An Israeli artist who underwent a successful heart transplant this summer recently conducted a burial ceremony for her old heart, turning the event into video art.
Sharon Fidel, 46, had been suffering from heart problems for a decade after she became pregnant with her daughter. After suffering sudden cardiac arrest in July 2016, her condition deteriorated and she was in urgent need of a heart donor. A new heart was found for her some three months ago, following the death of 16-year-old Liel Babler in a traffic accident.
In the video, Fidel declares to her heart: “Thank you for our shared childhood, our shared adolescence, our shared frustration, our shared fear, our shared tears, for all our shared secrets, for our shares loves, and for the laughter and humor you gave me. Thank you for how strong you were and, most of all, thanks for not letting me die with you.”
On her Facebook page (in Hebrew), Fidel documented the treatments, the hospitalizations, the actual transplant and the ceremony of burying her old heart in three video artworks called “The Contestant,” “The Transplant Contestant” and “The Contestant, the Transplant Patient Says Farewell.”
She creates a parallel in her videos between the competition for receiving a new heart and beauty contests.
“The Contestant, the Transplant Patient Says Farewell” opens with Fidel roaming through an orchard, wearing old-fashioned nurses’ garb. “This image was created after everyone searched through my body,” she explains. “My femininity was lost. The contestant wants to be told she has received the crown. The crown is in effect the heart, which I received after a relatively short wait compared to others on the list.”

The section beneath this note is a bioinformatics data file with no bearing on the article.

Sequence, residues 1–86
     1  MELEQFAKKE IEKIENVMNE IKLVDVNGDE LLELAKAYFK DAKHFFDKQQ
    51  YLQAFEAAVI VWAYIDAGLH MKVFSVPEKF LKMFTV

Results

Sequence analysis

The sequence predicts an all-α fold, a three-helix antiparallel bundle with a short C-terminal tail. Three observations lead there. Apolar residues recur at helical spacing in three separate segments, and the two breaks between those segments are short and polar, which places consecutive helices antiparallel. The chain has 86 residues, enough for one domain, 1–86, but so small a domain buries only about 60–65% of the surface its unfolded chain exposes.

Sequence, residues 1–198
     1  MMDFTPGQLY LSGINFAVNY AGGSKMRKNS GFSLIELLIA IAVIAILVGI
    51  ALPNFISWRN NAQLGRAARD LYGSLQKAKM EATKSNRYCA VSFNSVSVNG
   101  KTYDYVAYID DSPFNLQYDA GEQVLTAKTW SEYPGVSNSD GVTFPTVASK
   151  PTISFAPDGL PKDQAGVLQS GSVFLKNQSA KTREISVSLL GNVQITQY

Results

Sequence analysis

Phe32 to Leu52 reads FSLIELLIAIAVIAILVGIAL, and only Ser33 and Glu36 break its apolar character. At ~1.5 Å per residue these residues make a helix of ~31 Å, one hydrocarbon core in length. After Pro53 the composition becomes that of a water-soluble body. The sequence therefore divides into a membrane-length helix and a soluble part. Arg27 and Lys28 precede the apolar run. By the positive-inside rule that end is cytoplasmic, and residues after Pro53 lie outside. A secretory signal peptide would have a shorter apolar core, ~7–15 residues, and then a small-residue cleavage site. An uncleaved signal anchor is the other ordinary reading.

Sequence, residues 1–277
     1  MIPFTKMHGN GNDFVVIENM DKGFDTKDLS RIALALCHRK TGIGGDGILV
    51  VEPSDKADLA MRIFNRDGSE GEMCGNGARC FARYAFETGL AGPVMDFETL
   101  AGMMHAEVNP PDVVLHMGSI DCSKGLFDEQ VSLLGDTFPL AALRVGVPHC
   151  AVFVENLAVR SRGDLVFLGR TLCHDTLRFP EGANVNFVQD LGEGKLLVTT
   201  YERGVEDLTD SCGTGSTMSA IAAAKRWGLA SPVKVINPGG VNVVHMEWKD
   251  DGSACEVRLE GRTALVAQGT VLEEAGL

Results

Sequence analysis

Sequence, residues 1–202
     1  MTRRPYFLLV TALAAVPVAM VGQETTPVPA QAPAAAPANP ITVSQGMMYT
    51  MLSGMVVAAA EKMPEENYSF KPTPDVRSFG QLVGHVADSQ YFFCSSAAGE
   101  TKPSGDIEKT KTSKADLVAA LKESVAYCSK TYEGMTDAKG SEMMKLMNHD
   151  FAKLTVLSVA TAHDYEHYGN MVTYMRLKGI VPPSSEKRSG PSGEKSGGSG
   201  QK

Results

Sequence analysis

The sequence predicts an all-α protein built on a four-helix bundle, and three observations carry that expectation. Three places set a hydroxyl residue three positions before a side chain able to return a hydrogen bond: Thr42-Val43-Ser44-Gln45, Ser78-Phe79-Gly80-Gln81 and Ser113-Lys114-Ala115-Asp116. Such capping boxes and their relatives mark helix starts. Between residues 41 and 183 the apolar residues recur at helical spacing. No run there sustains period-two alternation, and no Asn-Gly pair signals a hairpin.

In the video, Fidel wears gloves and a mask, and her hands visibly shake. “My immune system is suppressed at this point and I need a mask to filter the air,” she explains. “After using the mask, it turned into part of the material with which I worked and made a video.”
Fidel said the uncontrolled trembling in her hands was also a result of excitement. “Everything is authentic in the film and I trembled when I put the heart into the ground. I believe that, additionally, the excitement and fear of attempting to really touch the organ and pick it up – all those things caused the trembling. It was very scary.” She added that “the gloves, which make the figure look slightly kinky, are essential during the burial process because the heart was in formalin.”
She only took custody of her old heart very recently, since it was being kept in the pathology department at Sheba Medical Center, Tel Hashomer, for research purposes.
“When I received the heart I was in shock, because it was so big,” she recalled. “A heart in the physical sense. It’s not good that it’s big and its chambers are enlarged – that means it no longer contracts and functions.”
Fidel mentions Israel’s National Transplant Center (ADI in Hebrew) in every post on her Facebook page, and encourages her readers to donate organs.
“If by chance anyone in Israel didn’t understand the importance of organ donation and transplants, this is the time to sign up,” she wrote in one of her posts.
Because one of the side effects of Fidel’s medication is the trembling in her hands, she found it hard to paint, so decided to adopt the medium of video art in order to continue to create and document her life.
Her intensive documentation of herself has also influenced her creative process. “I have always made art that deals with my personal and family story,” she said. “Now I’ve become the subject itself. Some people will say that that’s nonsense, but today there’s the tool of video art and it suits my life at present.”
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